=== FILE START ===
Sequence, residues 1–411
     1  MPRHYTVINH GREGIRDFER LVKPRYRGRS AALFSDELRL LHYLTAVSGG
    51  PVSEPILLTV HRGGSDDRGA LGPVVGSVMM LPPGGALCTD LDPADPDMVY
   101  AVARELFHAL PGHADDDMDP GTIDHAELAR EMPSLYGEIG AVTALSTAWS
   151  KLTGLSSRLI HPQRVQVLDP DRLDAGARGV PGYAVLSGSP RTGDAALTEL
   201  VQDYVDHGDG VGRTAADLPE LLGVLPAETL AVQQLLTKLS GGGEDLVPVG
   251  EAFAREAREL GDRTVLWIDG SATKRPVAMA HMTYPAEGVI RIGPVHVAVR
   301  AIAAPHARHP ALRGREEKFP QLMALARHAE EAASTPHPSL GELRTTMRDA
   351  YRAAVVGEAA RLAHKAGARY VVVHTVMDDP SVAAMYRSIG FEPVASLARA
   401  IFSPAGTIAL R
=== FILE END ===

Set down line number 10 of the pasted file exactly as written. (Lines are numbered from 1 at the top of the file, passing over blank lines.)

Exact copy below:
   401  IFSPAGTIAL R